Fourthly, with this historic background, the geography and demography that Canada finds itself is very different from that of Australia. First, it shares the longest supposedly undefended border with the strongest, most boisterous, internationally activist yet isolationist republic in the world. As a collective, we are somewhere between tacitly complacent to jubilantly 'North Americans' and as such, independently-minded and isolated from the rest of the world. Because of that proximity- something no other country gets to have except Mexico and there's hardly a parallel there, we get special consideration in Washington D.C. as continental brothers so we get to play at being "American" without being Americans- a status Canadians cherish whether they'll admit it or not. Whether there's real benefit for either side in that relationship is perhaps for another thread at another time.
But we also have our roots to the Commonwealth and the historic stability that comes with the Monarchy. While very insecure about ourselves about a lot of things, Canadians are quite comfortable with it all. We see ourselves as having an egalitarian society so Class is not so much an issue- all the Class baggage that exists under 'She who Reigns Over Us' simply doesn't make it across the Atlantic. At least in the initial stages, Canada was not a penal colony (sorry but that is the truth)... it was always a promised land for those who wanted a fresh start but who still wanted to stay within the British sphere of influence in the Americas.
Fifth, social references have been made in this thread and often elsewhere that the Queen is a lovely old lady who drops in for a visit every so often to cut ribbons and has her portrait on our coins. She represents a concept in Canada rather than a Dynasty as her lineage hasn't been present in Canada since the 1950s when Vincent Massey was made Canada's first Canadian Governor General.
Unlike in Australia (or so I believe), there is no schizophrenic relationship with Britain here in Canada. We drive on the right like the contientals and Americans. We have our own flag. There are no pilgrimages to the Old Country any more. Importantly, Royal titles cannot be held by Canadians. Most recently, Conrad Black, Lord Black of Crossharbour, had to renounce his Canadian birthright and citizenship to sit as a member of the House of Lords. We don't represent 'civilization' in a distant part of the world nor clamour to do so. We don't see ourselves as breaking away from the stodgy old family as we are quite comfortably a part of that family. We are still close enough to Britain physically to actually share in its own growth and evolution.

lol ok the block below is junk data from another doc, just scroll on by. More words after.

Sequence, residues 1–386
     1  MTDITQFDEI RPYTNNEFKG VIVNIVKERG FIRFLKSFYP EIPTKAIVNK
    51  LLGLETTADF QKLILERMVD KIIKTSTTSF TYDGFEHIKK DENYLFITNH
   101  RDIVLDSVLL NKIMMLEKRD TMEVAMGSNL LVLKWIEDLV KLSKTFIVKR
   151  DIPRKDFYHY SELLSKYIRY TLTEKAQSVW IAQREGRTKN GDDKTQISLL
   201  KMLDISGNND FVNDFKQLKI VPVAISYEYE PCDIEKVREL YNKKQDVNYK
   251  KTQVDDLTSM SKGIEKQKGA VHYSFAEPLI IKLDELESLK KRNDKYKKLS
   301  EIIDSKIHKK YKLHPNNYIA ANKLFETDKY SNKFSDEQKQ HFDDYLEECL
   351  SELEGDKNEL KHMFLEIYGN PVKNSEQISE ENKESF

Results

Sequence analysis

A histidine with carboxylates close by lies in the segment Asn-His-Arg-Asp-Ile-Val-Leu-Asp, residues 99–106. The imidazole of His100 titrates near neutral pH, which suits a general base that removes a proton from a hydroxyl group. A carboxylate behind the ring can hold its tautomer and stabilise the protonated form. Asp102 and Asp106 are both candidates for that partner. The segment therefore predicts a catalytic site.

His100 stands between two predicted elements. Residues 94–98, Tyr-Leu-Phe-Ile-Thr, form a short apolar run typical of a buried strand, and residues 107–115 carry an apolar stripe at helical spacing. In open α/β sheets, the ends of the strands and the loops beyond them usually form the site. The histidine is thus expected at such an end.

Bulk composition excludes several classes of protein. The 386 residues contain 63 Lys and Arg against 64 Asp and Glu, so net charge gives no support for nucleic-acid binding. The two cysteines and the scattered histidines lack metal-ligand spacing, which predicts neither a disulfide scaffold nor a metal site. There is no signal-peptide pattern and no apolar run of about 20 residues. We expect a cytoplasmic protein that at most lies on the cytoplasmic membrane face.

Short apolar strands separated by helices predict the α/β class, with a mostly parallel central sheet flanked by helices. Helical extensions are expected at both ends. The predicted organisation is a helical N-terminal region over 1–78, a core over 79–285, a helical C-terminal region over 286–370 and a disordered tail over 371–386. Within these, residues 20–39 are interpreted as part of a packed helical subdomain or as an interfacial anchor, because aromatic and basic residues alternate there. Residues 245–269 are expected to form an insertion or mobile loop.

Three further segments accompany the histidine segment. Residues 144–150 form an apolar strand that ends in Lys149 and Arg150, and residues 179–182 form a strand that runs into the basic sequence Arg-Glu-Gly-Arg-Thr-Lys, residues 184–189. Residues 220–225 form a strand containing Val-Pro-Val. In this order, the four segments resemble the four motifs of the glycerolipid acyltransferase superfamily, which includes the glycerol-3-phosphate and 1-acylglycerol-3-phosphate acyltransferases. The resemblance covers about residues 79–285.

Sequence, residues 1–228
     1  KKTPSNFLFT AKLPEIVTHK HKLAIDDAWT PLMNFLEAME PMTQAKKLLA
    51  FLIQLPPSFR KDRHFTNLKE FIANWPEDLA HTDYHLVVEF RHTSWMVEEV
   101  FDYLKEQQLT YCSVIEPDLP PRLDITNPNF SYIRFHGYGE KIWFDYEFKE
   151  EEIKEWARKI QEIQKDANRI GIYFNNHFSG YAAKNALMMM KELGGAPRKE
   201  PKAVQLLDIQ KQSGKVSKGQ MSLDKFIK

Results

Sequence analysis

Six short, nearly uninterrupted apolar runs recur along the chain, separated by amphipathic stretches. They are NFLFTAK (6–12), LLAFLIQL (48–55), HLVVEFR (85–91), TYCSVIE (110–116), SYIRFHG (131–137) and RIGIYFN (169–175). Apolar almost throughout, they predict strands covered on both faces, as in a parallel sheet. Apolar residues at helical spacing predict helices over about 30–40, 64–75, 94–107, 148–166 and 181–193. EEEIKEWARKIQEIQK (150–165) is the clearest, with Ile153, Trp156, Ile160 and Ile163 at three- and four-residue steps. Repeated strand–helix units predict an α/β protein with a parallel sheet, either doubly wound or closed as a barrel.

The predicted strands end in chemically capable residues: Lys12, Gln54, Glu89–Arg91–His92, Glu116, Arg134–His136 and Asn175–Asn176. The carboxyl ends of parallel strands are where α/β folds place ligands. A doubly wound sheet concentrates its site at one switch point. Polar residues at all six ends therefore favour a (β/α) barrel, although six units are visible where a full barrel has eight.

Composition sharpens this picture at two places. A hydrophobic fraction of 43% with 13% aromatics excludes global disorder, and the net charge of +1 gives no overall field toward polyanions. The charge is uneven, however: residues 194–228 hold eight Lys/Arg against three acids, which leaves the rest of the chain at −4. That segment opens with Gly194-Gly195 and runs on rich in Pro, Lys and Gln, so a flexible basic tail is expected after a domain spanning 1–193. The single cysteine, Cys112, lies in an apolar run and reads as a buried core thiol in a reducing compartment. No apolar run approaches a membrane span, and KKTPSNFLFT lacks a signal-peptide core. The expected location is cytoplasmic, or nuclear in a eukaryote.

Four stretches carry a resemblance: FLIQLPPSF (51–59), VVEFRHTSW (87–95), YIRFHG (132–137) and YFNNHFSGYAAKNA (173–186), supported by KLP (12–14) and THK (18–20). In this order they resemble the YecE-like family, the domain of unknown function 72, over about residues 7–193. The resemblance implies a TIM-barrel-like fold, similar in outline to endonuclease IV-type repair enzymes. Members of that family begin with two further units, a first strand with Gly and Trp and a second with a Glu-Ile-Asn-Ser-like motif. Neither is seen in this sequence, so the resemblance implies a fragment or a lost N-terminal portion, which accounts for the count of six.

Finally, as a pragmatic people, simply the cost is too prohibitive. Until something else comes along that will provide the same benefits at less cost (which is impossible since there are only 11 offices to support- one Governor General and 10 Lieutenant Governors, one for each province). Check this page out for a break-down.
Given that the British public pays the entire bill to maintain the Royal Family in the style to which It has become accustomed, we actually get all the pomp and circumstance, as well as the hidden benefit of 'Peace, Order and Good Government' without the cost. Unlike Canadians, Australians apparently don't see that as a saving grace.
So to conclude, it will many years before Canadians drop the Monarchy- if ever. Constitutionally it would be too difficult in the face of widespread opposition to any constitutional tinkering. Historically, Canada's institutions and polity are borne of the Monarchy in reaction to the republic to the south and as such it is very deeply engrained in our society. The Monarchy, as a concept, has served us well. Geographically, we are at once equally North American and global thanks to our close relationship to the United States and historic ties (without the apron strings) to Britain. And finally, we're cheap and for a Canadian, if it affects the pocketbook negatively, you can work on the assumption that it won't happen.
As a footnote, that day might come should we have a reformed Senate. Given that in Australia your Senate is also elected (something that ours never shall be as its just too plummy a patronage appointment for any current government to abandon), there is no institutional inertia or reason to keep on with the tried-and-true. You have cast off that brake in Canberra (heck- you even invented a post-British Empire capital city!- something unthinkable in Canada) and now unfettered you are looking about for a stronger sign of independence and severing ties with the Monarchy is a logical step.
Possibly, with a reformed senate there will come a day in Canada when there is a parliamentary move to abolish the Crown but that day, I'd say QFA380, won't happen even in your lifetime.
Just my $2.50 worth.